The Literature Book (Big Ideas Simply Explained) (2016)
The campus novel
1951 US writer Mary McCarthy’s The Groves of Academe is published. It is considered one of the first academic or “campus” novels.
1954 The influential book Lucky Jim, by English writer Kingsley Amis, develops the campus genre further through a plot that follows a young history lecturer making his way in a post-war world.
1990 The Booker Prize-winning novel Possession: A Romance, by English novelist A S Byatt, details a postmodern historical mystery set in an academic world.
2000 The Human Stain by US writer Philip Roth follows the complex life story of a retired classics professor and the shifting world of US academia.
When US author Donna Tartt (1963–) published her novel The Secret History, it was recognized as a striking addition to the campus-novel genre, which it both borrows from and extends. Academic novels developed in the 1950s, when the concerns of post-war society were linked with the literary and cultural debates taking place on Western campuses. These novels, set within the confined space of a university, often satirize academic life and the pretentiouness of scholars.
The allure of civilization
The Secret History follows a group of six Classics students at an elite New England university. Using this setting to focus on various literary and cultural debates, Tartt expands on her 1950s predecessors’ use of a university environment to question the role of literature, identity, and the genre itself.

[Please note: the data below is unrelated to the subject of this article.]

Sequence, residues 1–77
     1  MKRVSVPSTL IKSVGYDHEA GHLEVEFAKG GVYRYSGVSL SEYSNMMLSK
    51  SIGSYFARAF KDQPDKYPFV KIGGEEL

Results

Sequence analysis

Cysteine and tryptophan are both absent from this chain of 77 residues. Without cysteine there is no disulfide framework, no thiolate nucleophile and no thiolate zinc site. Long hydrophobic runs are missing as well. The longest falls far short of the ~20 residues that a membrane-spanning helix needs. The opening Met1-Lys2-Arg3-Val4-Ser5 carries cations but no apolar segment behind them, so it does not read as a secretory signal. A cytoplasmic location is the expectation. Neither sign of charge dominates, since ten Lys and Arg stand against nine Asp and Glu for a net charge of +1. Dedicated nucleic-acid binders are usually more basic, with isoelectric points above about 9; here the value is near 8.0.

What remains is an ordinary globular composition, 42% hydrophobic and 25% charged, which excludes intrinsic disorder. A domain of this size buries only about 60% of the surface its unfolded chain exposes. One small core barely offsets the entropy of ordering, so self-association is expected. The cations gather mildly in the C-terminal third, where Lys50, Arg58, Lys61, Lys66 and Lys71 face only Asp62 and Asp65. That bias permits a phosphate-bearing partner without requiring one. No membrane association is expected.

Tartt’s novel is an anti-detective story that complicates the 19th- century detective genre. The book opens with a murder-mystery plot, but it is the motive, not the identity of the perpetrator, that mystifies the reader and is gradually revealed as the plot unfolds. Tartt uses the premise of a hidden murder among the six students to explore wider ideas. Borrowing from Greek tragedy, she compels her reader to question whether the “tragic flaw” in character, a feature of that genre, does indeed exist. She explores this question through the plot to interrogate how and why we use the literary past in the present.
A philosophical murder
For Tartt’s student characters, the literary is all too real: it is taken to an explicitly literal extreme in the form of a murder that pays homage to the philosophical idea that “Death is the mother of beauty”, as one student, Henry, declares. Whether the murder is indeed to be interpreted as a playful and self-conscious literary device that draws from academic theory, or perhaps as a critique of theory itself, is something that Tartt leaves for her reader to decide.
See also: Oedipus the King • Disgrace